Composer Jakob Eisenbach Turns Mix Theory into Practice with Amphion
Zurich, Switzerland – For composer and sound designer Jakob Eisenbach, there is a natural principle to both compositions and mixes that relates directly to the way our brains process sound sources. “When I finished my masters at Zürcher Hochschule der Künste, I wrote my thesis on the topic of human perception, in particular the way that the human brain adapts to fold things down into elements that one can perceive as form, like melody and rhythm,” he says. “In the end, we can handle about three to five completely distinct elements at a time. Each can be complex–our brains will filter information that’s similar into a single entity–but any more than three to five disparate elements we start to get confused.” Eisenbach explains that he believes this is why a sound design element that is milliseconds out of sync with the corresponding picture can become jarring, but also why a hundred-member orchestra playing together with intention can function as one fully cohesive unit, while two musicians playing two separate pieces of music simultaneously cannot. “These same principles apply to a mix,” he says. “For example, a vocal delay that is well crafted and mixed sits as a single unit with the vocal itself.” To achieve results that adhere to his theories in practice, Eisenbach turned to the clarity and incisiveness of Amphion speakers for his 5.1 monitoring setup.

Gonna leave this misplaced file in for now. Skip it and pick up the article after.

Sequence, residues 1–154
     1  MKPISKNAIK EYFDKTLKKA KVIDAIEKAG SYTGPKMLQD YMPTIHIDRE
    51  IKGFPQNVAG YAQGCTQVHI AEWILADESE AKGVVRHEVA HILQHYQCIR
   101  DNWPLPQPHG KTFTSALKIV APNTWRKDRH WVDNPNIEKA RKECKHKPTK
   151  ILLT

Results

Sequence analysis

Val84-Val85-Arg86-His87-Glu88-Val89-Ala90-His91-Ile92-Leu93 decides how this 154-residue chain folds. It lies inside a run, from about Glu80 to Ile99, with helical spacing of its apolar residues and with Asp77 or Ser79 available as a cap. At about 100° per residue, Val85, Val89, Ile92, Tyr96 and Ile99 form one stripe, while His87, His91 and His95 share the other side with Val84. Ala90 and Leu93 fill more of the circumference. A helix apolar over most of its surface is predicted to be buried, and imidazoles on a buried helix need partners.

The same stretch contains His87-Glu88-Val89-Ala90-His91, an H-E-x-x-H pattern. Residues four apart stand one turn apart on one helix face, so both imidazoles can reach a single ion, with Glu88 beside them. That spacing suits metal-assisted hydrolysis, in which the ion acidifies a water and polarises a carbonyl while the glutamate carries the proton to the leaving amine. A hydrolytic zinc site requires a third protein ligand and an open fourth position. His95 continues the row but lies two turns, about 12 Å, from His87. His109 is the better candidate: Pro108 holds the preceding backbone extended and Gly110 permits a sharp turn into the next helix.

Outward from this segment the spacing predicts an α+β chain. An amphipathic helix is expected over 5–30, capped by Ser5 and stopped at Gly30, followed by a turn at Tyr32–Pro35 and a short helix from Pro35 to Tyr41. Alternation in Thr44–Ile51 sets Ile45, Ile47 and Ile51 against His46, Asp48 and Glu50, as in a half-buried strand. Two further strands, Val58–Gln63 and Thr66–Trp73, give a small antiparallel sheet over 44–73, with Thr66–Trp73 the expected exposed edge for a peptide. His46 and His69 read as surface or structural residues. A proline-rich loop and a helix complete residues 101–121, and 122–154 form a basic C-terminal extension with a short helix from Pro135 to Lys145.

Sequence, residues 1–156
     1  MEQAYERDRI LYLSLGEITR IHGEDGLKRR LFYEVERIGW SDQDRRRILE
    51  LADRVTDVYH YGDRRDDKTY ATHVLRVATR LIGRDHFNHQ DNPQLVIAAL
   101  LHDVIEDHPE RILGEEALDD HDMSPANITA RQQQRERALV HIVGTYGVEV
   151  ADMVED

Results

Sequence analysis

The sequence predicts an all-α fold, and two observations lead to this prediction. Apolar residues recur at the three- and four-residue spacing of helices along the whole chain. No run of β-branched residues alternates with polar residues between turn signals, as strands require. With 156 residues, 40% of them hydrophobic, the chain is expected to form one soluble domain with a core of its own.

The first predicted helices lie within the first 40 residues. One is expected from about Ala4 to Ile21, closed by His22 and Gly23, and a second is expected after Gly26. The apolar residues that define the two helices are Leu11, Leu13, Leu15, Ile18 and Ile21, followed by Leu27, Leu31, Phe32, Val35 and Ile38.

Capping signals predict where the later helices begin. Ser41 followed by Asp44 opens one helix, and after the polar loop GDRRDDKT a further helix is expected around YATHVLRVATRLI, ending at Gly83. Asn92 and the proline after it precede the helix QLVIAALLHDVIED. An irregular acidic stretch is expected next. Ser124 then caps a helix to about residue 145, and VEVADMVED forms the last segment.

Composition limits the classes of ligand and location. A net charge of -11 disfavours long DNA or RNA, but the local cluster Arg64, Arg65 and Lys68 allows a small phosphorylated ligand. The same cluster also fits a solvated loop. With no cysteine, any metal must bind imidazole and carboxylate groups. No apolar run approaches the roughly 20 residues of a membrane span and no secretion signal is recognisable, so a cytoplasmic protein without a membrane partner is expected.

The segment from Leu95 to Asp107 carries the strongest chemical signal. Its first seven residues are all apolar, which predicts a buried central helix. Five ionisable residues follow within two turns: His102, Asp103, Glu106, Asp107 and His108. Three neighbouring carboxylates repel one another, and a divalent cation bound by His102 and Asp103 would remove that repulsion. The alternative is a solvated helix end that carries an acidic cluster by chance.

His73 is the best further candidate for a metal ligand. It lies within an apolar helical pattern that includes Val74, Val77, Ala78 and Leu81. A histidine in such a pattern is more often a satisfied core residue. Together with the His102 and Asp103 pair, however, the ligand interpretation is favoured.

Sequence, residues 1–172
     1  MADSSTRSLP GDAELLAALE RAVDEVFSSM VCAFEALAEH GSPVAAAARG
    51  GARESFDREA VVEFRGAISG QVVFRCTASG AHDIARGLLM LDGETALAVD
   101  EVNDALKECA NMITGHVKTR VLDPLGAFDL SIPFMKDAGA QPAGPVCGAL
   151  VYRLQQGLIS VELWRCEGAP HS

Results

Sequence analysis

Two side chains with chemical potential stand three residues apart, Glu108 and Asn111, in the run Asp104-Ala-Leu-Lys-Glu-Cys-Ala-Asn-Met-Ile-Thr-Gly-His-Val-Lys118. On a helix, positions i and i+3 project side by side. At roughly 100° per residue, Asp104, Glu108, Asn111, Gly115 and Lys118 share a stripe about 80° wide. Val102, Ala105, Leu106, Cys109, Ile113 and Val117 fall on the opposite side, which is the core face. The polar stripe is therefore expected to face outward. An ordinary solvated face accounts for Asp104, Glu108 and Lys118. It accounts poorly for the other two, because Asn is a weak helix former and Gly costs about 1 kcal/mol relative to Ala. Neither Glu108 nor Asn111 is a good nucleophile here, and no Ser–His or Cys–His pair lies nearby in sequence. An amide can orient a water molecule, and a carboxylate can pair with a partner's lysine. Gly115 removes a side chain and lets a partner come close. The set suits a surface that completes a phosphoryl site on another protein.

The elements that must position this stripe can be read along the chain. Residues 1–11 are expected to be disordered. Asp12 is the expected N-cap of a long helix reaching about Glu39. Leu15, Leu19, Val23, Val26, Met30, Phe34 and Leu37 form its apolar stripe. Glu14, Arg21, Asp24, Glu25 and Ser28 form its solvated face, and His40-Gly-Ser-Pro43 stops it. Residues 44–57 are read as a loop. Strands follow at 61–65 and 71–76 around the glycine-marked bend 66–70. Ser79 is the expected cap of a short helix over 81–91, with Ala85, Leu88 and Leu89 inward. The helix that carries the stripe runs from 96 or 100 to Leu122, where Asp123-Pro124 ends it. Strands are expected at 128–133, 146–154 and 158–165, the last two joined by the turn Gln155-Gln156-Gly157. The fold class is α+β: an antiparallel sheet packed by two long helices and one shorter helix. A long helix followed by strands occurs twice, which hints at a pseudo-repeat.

Read the full interview here: https://amphion.fi/user-stories/composer-jakob-eisenbach-turns-mix-theory-into-practice-with-amphion/